Taxation was another economic interest that tied Rome to Britannia. Taxes came in several forms: payment in kind (often to feed the Roman army), gold and silver, and local men for service in the army. As the Roman Empire declined, the Roman Army relied heavily on these troop payments to maintain manpower.Tacitus claimed that Britons submited to taxation without resisting as long as there was not any abuse (Frere, 98).

14. Outcome of Dispute: Victory

Great Britain (Includes England and Scotland)

  • Common Law
  • Romanized
  • Roman archetechture
  • Road system
  • Canal System
  • Government
  • Latin Languange influence
  • English Dialect


As a result of Hadrian’s Wall dividing a Romanized South from the “barbaric” North, the economies of the two lands were set on divergent paths. Before the Roman invasion, the island of Britain was populated by isolated tribes who traded amongst each other using a barter system. Fearing attacks be neighboring tribes, the tribes never built roads: a fact that seriously hampered trade. For Britannia, the situation changed along several fronts as a direct result of Roman occupation. First, the Britons accepted Roman currency, which made trade easier and more prevalent. The Romans built an extensive road system and legal system to protect property; both factors increased trade. Finally, business and trade usually flourishes when there is stability, peace, and order, and the Romans provided all of these things.


  • Civil Law
  • Clans
  • Scottish Music
  • Scottish Food
  • Scottish Dress
  • Scottish Dialect

We can assume that the tribal economy stayed the same in Scotland, with the possible exception of the adoption of Roman currency and some cross border trading. This split in economies due to Hadrian’s Wall, because the Romans stopped the frontier before conquering the entire island, might explain the difference in living standards and economic development between Scotland and Britain up to today. Scotland has always been much poorer than England and this trend continues to this day.

This split not only affected the two economies but helped create two different peoples who have different cultures: the Scottish and the English. Whereas most people are divided by natural geographic features, this cultural division occured because of man made conflict. Romanization in England created a new culture that synthesized Roman and Celtic cultures. Britons accepted Roman law, customs, and dress, and Latin became the dominant languange of the elite and educated. Roman architechture, including magnificent bath houses, and city planning were infused into the Britannia with the occupation. Building roads for the military and trade quickly unified England into one people with one culture as tribal distinctions faded away. The nature of nobility changed: where nobles once led their tribe into battle at the front, nobles in the Roman Empire were expected to be the most cultured and educated rather than the strongest fighters. Finally, Britannia accepted the Roman coinage, increasing its level of trade.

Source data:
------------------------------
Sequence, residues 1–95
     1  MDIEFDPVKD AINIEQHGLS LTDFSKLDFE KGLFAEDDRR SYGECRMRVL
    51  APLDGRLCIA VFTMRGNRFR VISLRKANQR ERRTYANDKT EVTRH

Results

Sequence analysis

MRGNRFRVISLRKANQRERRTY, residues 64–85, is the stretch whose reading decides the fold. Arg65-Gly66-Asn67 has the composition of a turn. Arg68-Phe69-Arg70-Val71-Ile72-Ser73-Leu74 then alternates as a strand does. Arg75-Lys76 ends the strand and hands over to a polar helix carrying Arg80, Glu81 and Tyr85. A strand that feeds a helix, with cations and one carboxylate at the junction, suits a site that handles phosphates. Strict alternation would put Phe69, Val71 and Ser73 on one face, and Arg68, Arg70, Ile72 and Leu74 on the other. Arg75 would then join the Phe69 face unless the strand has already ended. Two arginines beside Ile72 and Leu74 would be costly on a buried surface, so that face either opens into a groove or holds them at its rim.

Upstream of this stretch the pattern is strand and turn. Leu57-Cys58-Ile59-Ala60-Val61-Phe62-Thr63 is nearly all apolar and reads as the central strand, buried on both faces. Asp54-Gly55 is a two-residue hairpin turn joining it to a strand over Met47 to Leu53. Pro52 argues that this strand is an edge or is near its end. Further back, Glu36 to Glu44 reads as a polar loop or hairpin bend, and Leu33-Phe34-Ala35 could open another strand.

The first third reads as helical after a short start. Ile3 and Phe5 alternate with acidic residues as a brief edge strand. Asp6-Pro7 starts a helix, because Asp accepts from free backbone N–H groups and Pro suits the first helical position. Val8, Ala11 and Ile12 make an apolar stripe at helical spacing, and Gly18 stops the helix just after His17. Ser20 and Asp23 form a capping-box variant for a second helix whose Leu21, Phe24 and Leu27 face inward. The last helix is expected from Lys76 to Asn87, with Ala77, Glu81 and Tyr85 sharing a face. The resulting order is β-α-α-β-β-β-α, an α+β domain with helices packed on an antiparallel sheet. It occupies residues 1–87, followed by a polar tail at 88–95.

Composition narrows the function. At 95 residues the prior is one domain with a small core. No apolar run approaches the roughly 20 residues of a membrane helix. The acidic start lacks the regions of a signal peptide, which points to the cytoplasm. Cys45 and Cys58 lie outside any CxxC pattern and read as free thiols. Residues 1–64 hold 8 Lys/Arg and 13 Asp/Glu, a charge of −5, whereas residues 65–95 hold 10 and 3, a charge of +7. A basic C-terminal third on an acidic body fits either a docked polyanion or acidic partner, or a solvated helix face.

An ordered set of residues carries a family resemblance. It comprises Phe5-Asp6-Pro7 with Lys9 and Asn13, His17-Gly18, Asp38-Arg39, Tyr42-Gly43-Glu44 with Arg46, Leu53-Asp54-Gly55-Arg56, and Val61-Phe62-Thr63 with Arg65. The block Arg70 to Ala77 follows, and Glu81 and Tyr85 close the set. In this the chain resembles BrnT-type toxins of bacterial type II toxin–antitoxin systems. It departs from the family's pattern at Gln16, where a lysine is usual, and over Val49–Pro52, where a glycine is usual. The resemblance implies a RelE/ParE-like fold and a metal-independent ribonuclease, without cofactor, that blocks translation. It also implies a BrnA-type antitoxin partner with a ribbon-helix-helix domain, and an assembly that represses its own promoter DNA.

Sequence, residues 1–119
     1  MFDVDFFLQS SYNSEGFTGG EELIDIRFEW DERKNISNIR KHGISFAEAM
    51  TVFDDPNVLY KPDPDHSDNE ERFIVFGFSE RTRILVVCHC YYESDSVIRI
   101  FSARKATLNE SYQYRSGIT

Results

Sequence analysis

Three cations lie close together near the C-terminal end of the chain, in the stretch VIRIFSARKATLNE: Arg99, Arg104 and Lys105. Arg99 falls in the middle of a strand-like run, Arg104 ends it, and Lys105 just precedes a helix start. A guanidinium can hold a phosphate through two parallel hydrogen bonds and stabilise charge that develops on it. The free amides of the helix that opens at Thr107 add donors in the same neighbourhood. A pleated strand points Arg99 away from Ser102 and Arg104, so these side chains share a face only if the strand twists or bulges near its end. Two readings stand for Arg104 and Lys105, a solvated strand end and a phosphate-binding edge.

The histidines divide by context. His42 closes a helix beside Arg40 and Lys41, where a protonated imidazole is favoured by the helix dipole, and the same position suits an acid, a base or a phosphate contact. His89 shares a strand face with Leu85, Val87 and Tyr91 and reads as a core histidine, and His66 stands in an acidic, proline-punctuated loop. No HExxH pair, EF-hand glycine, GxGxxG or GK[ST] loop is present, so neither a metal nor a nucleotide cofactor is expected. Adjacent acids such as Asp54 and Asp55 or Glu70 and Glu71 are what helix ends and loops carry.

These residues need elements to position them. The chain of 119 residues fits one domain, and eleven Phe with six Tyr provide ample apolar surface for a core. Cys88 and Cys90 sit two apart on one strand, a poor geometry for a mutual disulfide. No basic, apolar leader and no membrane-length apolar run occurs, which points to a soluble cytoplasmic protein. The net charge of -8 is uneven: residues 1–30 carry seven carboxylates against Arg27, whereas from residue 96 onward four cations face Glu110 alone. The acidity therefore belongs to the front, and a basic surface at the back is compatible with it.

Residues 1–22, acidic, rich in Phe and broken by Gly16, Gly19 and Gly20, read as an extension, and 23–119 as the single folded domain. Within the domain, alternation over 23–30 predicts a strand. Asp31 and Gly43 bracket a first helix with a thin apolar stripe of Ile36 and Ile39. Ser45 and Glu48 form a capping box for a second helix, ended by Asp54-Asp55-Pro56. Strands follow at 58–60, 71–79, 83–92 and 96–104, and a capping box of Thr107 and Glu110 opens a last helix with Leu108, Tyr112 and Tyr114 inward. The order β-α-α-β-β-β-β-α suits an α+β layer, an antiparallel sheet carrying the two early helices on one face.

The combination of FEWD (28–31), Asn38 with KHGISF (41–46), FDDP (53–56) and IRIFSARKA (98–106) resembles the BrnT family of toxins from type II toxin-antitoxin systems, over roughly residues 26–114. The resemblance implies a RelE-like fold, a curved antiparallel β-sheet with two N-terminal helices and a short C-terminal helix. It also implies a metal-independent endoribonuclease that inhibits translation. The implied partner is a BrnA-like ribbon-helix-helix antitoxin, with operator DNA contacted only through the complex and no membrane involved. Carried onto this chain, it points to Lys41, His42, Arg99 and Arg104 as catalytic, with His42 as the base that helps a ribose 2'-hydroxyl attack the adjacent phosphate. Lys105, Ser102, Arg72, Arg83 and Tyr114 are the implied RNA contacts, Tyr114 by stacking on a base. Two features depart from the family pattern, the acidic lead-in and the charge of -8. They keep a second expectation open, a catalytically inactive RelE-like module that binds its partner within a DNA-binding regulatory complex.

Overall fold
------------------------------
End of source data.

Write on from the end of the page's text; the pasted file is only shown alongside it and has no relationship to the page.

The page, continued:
The contrast with Scotland is stark. Clinging to the clan system, Scottish culture still holds onto its tribal roots. The Scottish have a different dialect, style of music and dance, food, and other customs which separate them from the English people. Scottish wars for indepence testify to this division between two peoples who have separate identities and cultures.

V. Related Information and Sources

15. Related ICE Cases

WALL (Great Wall of China)







16. Relevant Websites and Literature

Paterson, Anna Scotland’s Landscape: Endangered Landscape Polygon of Edinborough. Copyright 2002
Birley, Anthony R. Hadrian: The Restless Emperor Routeledge London copyright 1997

Walker, D. “The Late Quaternary History of the Cumberland Lowland” in Philosophical Transactions of the Royal Society of London. Series B, Biological Sciences, Vol. 251, No. 770. Copyright 1966

Donaldson, Allison “ A Pollen Diagram from Hallowell Moss, Near Durham City, U.K.” in Journal of Biogeography, Vol. 4, No. 1. ( March, 1997) pp. 25-33

Davies, G. “Pollen Diagrams from Northumberland” in New Phytologist, Vol. 82, No. 3 May, 1979 pp. 783-804

Durant, Will Caesar and Christ MJF Books New York copyright 1944

Frere, Sheppard Britannia: A History of Roman Britain, Third Edition Routledge and Paul: London Copyright 1987

Poscold, P. and Wallisdevries, M.F. “The historical and socioeconomic perspective of calcerous grasslands—lessons from the distant and recent past.” in Biological Conservation 20020400, vol. 104, no. 3, pp. 361- 376

West, S., Charman, D.J., Grattan, J.P., and Cherburkin, A.K. “Heavy metals in Holocene peats from south west England: detecting mining impacts and atmospheric pollution.” In Water, Air, and Soil Pollution 19971200, vol. 100, no. 3-4, pp. 343-353

McCarthy, M.R. “Archaeological and environmental evidence for the Roman impact on vegetation near Carlisle, Cumbria.” In Holocene 1995 vol. 5, no. 4, pp. 491-495

Donaldson, Alison and Turner, Judith “A Pollen Diagram from Hallowell Moss, Near Durham City, U.K.” in Journal of Biogeography 1977 vol. 4, no. 1, pp. 25-33

Walker, D. “The Late Quaternary History of the Cumberland Lowland.” Philosophical Transactions of the Royal Society of London. Series B, Biological Sciences, 1966 Vol. 251, no. 770, pp. 1-210

Dumayne-Peaty, L. “Continuity or Discontinuity? Vegetation change in the Hadrianic- Antonine frontier zone of Northern Britain at the end of the Roman occupation.” In Journal of Biogeography 19950500, vol. 26, no. 3, pp. 643-665

Davies, P. and Turner, J. “Pollen Diagrams from Northumberland.” In New Phytologist 1979 vol. 82., no. 3, pp. 783-804

Goerres, M. and Frenzel, B. “Ash and Metal Concentrations in peat bogs as indicators of anthropogenic activity.” In Water, Air, and Soil Pollution 19971200, vol. 100, no. 3-4, pp. 355-365

Dumayne, L., Stoneman, R., Barber, K., and Harkness, D. “Problems associated with correlating calibrated radiocarbon dated pollen diagrams with historical events.” In Holocene 1995, vol. 5, no. 1, pp. 118-123

Manning, A.; Birley, R.; Tipping, R. “Roman impact on the environment at Hadrian’s Wall: Precisely dated pollen analysis from Vindolanda, northern England.” In Holocene 1997 vol. 7, no. 2, pp. 175-186

Nicol, David "Picture of Hadrian's Wall and Landscape"

Golash, D. "Picture of Hadrian's Wall and Bust of Hadrian"

December, 2000